Abercrombie Unveils Budget, Renews Call for Structural Changes
BY GREG WILES
Gov. Neil Abercrombie is revising an intial two-year budget with an additional $728.6 million in spending that will be paid for with a mix of cuts and funding mechanisms, including measures that have had a lukewarm reception in the legislature.
Abercrombie unveiled his budget to the media in a President’s Day holiday briefing in which he reiterated his belief that structural changes need to be made if the state is going to have a more prosperous future.
“This budget represents more than just numbers on a piece of paper – it represents more than an accumulation of numbers in such a way as to satisfy on paper the constitutional requirement to balance it,” said Abercrombie.
“What we’re trying to do is put together and what we intend to is put together a restructuring plan that will allow us to invest in ourselves and our human capital.”
The budget is Abercrombie’s first since taking over the state’s top job in December and comes roughly 100 days into his administration. Abercrombie previously had submitted a rough budget built on what was given to him by former Gov. Linda Lingle’s administration.
That budget had projected a $771.9 million budget deficit for fiscal years 2012 and 2013.
The proposal being presented to the legislature by Abercrombie represents a much modified version of one left for him by former Gov. Linda Lingle’s administration. As such it includes higher spending that Abercrombie says is needed to restore essential state services, such as rebuilding the state agricultural inspection system.
It represents an amalgamation of sorts – included in it are budget increases to restore certain government services cut by Lingle, chopping of tax breaks, cuts to Medicaid and retiree healthcare spending as well as other measures to balance the budget and increase spending on buildings, water systems and other capital improvement projects.
Kalbert Young, Abercrombie’s budget director, said the state books should be balanced during the next biennium, but also acknowledged the plan relies on the passage of several measures that have had a cool reception at the legislature.
These tax proposals include:
- A new soda tax that would raise $75 million over the biennium.
- Raising the tax on alcoholic beverages. Raises $40 million.
- Increasing the tax rate on timeshare properties, $57.6 million.
- Repealing state tax deduction, $188 million.
- State tax on certain pension income, $314 million.
The budget proposes program cuts to:
- Temporary Assistance to Needy Families, $57 million over two years.
- Reduced Medicaid Services, $75 million.
- Labor Savings from Collective Bargaining or other, $176.4 million.
- Elimination of retiree Medicare Part B reimbursements, $88.5 million.
In all, the budget envisions a little more than $500 million extra over two years in tax revenue, and $405 million of program cuts.
“We will not shy away from difficult choices or use gimmicks to mask our problems,” Abercrombie said.
“Our proposal requires a combination of repealing tax exemptions, making the current tax code more fair, addressing unfunded retirement and health liabilities, and pulling back on those social services for which there has been no funding source.”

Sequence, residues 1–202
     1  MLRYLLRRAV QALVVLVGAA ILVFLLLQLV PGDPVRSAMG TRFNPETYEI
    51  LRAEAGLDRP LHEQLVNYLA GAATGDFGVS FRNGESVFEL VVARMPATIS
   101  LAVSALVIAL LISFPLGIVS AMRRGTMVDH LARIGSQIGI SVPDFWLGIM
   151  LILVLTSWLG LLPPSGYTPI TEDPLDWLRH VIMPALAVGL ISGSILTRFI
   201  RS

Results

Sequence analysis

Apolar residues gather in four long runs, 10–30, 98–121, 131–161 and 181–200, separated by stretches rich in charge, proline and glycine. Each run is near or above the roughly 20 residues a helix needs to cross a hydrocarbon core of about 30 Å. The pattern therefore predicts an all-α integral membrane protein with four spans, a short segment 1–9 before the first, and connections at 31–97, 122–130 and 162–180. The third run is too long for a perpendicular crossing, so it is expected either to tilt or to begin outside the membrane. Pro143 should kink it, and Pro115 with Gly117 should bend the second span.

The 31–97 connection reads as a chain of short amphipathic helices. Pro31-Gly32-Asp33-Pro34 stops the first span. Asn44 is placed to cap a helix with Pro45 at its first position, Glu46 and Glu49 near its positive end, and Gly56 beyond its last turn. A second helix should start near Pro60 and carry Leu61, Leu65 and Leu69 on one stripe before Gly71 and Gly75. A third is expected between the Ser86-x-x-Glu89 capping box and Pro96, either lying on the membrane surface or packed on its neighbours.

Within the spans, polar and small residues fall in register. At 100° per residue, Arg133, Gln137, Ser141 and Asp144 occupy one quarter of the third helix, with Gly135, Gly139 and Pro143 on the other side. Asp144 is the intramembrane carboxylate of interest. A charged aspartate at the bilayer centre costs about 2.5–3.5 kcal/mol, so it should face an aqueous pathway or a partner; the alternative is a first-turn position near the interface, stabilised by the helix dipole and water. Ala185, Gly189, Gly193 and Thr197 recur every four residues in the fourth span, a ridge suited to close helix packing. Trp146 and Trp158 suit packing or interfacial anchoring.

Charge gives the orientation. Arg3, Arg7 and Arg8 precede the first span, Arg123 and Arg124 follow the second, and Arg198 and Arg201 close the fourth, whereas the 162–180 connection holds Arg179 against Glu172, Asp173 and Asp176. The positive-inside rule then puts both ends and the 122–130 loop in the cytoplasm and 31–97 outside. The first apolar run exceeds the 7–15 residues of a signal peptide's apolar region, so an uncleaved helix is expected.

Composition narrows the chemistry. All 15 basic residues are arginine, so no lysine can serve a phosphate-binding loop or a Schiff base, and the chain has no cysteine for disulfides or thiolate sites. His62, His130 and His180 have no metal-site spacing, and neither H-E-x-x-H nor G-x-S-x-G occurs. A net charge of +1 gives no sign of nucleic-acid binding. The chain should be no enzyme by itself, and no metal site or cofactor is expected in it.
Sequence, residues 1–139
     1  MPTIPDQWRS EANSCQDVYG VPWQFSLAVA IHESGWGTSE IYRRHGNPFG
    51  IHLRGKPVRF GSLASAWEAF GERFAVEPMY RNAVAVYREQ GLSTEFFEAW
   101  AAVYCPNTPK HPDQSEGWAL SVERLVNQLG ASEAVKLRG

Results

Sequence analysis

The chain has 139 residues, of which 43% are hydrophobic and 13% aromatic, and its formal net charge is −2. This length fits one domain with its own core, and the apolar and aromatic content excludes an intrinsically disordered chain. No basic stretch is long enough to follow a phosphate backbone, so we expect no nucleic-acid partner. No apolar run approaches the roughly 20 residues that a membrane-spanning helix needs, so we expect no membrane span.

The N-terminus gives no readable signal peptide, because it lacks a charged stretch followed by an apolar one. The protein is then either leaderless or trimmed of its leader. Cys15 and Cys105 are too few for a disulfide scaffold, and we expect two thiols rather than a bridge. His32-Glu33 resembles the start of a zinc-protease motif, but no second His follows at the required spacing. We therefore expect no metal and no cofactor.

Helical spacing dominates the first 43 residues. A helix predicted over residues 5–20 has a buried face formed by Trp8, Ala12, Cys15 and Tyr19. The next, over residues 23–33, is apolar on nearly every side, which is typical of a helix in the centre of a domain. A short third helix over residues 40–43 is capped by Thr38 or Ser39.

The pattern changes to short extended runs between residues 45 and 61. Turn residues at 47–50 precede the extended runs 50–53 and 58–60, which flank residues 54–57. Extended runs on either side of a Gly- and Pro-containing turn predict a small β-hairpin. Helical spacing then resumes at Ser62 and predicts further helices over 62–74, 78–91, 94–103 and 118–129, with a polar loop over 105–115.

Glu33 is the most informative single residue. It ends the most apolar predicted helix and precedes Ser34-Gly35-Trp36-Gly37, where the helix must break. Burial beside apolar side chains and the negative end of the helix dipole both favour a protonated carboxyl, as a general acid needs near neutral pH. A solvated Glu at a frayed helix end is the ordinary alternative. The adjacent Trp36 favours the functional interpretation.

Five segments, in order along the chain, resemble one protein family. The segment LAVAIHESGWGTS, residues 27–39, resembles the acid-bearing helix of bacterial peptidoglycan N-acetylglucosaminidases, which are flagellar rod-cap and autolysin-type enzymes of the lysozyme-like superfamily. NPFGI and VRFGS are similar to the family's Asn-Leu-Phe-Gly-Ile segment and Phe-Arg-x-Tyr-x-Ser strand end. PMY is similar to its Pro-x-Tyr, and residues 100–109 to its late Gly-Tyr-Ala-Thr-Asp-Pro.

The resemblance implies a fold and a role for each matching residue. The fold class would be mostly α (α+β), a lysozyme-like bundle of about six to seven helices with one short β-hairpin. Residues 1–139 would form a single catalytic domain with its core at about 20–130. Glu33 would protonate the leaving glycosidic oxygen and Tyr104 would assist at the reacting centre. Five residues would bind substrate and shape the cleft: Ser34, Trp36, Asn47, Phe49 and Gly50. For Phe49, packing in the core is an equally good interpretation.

But some of Abercrombie’s proposals have stalled or been amended at the Legislature, such as the soda tax or taxing certain pension income. The budget proposal leaves a small amount of wiggle room should these measures be tabled, including taking $46 million this fiscal year from the state’s rainy day fund and $42 million next year from the Hawaii Hurricane Relief Fund.
Abercrombie’s budget architects also were conservative about recent Council of Revenue projections that forecast 3 percent growth this year. Young said the council made its estimates before some lackluster November tax data was submitted and the administration decided to use more conservative numbers projecting 2 percent growth.
If the 3 percent forecast does pan out the Administration will gain another $101 million in tax revenue over the biennium.
Abercrombie rejected criticism that his administration should be using the council’s most recent estimates.
“Our obligation was to present numbers to the legislature that represent our best judgment to where we are and what we are likely to face,” he said.
The governor also dismissed the idea of seeking a general excise tax increase should his revenue or other budget proposals fail. He said raising the tax would only max more serious financial problems the state is facing.
“If rely on the GE Tax as some sort of solution we would avoid ever coming to grips with the structural changes we need to make,” said Abercrombie, who declined to say if he’d veto a GE Tax increase if a bill landed on his desk.
Young said the budget also includes a $1.2 billion increase next year in the capital improvements budget and another $500 million the second year.
He said to be considered for funding the projects needed to solve a critical need and be able to get underway immediately.
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